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State v. Alvarado

Superior Court of Maine, Cumberland

January 15, 2015



Nancy Mills Justice

Heating on defendant's motion to suppress was held January 13, 2015. Defendant argues his due process rights were violated and his statements were not voluntary. For the following reasons, the motion is denied.


Brunswick Police Department Detective Kenneth Bailey has served as School Resource Officer for Brunswick High School for ten years. On 5/14/14, Amanda Faith appeared at Detective Bailey's office with a friend and asked to speak to him.

During his investigation of the allegations, Detective Bailey took notes when speaking to people and maintained an ongoing report on his computer. Detective Bailey was unable to contact defendant for more than one month because defendant was out of the state for work. Detective Bailey finally contacted defendant by phone and said allegations had been made that should be discussed. Defendant agreed to go to the police station to speak to Detective Bailey.

On July 1, 2014, a few days after the phone conversation, defendant arrived alone at the police station just before 5:00 p.m. Detective Bailey and defendant spoke in the main lobby. Detective Bailey was in plain clothes. He did not recall whether he had a weapon. He asked if defendant wanted to go to an interview room and defendant replied, "sure." They went to the interview room, which measures a few feet wide by a few feet long. When Detective Bailey closed the door, he told defendant the door was closed only for privacy and defendant was free to leave. The two sat approximately three feet from each other. Although the Brunswick Police Department has the capacity to record interviews, this interview was not recorded.

Detective Bailey told defendant Amanda had made allegations regarding inappropriate conduct at a bowling alley, and the Detective wanted to talk about the allegations. Detective Bailey read the Miranda warnings from the Brunswick Police Department sheet. (State's Ex. A.) Defendant understood his rights and Detective Bailey checked the boxes on the sheet, indicating defendant replied "yes" when asked if he understood each paragraph. Defendant agreed to speak to Detective Bailey and signed the sheet, as did Detective Bailey.

The conversation lasted ten to fifteen minutes. Detective Bailey asked what happened. He then asked if defendant would prepare a written statement. The Detective stated the statement did not have to be written at that time and defendant could take the form with him. Defendant said he would be in contact when the statement was completed. When the statement was not returned, Detective Bailey called defendant. Defendant said he did not have time but he would complete the statement. Detective Bailey never received the written statement.

Detective Bailey called defendant again and asked him to go to the police station. At the station, Detective Bailey said he had enough information and summonsed defendant.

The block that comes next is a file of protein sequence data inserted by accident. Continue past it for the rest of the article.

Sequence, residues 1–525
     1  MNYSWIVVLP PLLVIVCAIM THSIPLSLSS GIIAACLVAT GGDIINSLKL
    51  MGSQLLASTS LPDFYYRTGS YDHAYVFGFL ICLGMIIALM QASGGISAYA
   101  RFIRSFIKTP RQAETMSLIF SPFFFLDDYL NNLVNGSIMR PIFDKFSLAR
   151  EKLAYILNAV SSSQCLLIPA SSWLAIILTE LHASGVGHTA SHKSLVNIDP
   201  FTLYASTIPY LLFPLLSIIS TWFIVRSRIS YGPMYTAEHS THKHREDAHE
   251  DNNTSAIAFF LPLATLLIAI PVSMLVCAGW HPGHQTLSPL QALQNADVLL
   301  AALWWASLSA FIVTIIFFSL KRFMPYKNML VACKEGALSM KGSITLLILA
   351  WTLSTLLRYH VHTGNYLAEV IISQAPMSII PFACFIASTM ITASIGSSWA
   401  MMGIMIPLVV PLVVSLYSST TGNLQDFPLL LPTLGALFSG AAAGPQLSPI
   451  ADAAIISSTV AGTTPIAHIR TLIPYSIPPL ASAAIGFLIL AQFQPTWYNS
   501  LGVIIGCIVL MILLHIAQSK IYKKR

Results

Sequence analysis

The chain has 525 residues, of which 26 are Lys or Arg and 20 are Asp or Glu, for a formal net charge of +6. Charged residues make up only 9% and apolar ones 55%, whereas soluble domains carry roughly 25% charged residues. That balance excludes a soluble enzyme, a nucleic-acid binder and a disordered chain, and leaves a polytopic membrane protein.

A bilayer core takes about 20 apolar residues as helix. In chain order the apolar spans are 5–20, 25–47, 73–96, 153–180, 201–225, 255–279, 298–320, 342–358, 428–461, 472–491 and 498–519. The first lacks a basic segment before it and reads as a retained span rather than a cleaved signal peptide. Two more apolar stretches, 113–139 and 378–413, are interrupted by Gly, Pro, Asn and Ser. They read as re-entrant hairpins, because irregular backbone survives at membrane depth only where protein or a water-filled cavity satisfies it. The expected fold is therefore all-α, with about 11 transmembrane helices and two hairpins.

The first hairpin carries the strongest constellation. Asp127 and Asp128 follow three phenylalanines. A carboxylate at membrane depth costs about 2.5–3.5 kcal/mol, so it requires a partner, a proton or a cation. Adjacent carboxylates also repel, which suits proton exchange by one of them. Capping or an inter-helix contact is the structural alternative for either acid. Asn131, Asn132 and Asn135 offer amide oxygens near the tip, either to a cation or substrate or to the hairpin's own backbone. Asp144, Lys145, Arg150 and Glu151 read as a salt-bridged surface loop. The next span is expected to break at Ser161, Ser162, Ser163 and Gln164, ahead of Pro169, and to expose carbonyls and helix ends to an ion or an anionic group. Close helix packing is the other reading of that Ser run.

Throughout the entirety of his dealings with defendant, Detective Bailey believed defendant understood what the Detective was saying. Defendant's demeanor was "perfectly fine" and he showed no adverse emotions. There was no indication defendant did not want to speak or felt pressured to say anything. Defendant understood his Miranda rights and agreed to waive them.



Defendant argues his statements were not voluntary. In order to find a statement voluntary, the State must prove beyond a reasonable doubt that the statement resulted from the "defendant's exercise of his own free will and rational intellect." State v. Caouette, 446 A.2d 1120, 1123-24 (Me. 1982). "A confession is voluntary if it results from the free choice of a rational mind, if it is not a product of coercive police conduct, and if under all the circumstances its admission would be fundamentally fair." State v. Mikulewicz, 462 A.2d 497, 501 (Me. 1983). The requirement that a statement must be voluntary in order to be admissible "gives effect to three overlapping but conceptually distinct values: (1) it discourages objectionable police practices; (2) it protects the mental freedom of the individual; and (3) it preserves a quality of fundamental fairness in the criminal justice system." Id. at 500.

Although the interview was not recorded, the testimony of Detective Bailey was credible with regard to his interaction with defendant. There was no coercion. Defendant understood what was happening and what was said, waived his Miranda warnings, and chose how to proceed. On this record, based on the totality of the circumstances, the State has proved beyond a reasonable doubt that the defendant's statements were voluntary. See State v. Sawyer, 2001 ME 88, ¶ 9, 772 A.2d 1173.

Due Process

Defendant also argues his right to due process was somehow violated but did not articulate any basis for that argument. Defendant agreed his waiver of his Miranda rights was valid. When a violation of die right to due process is argued, the procedures used by the police are reviewed "to determine if the conduct 'offends the community's sense of justice, decency, and fair play.'" State v. Bavouset, 2001 ME 141, ¶ 7, 784 A.2d 27 (quoting Roberts v. State, 48 F.3d 1287, 1291 (1st Cir. 1995)). A determination of whether state action violates a defendant's right to due process involves consideration of "(1) the private interest that will be affected by the State's action; (2) the risk of an erroneous deprivation of that private interest along with the probable utility of substitute or added safeguards; and (3) the government's interest in adhering to the existent procedure." State v. Cote, 1999 ME 123, ¶ 12, 736 A.2d 262. There is no evidence in this case of any violation of defendant's right to due process.

The entry is

The Defendant's Motion to Suppress is DENIED.

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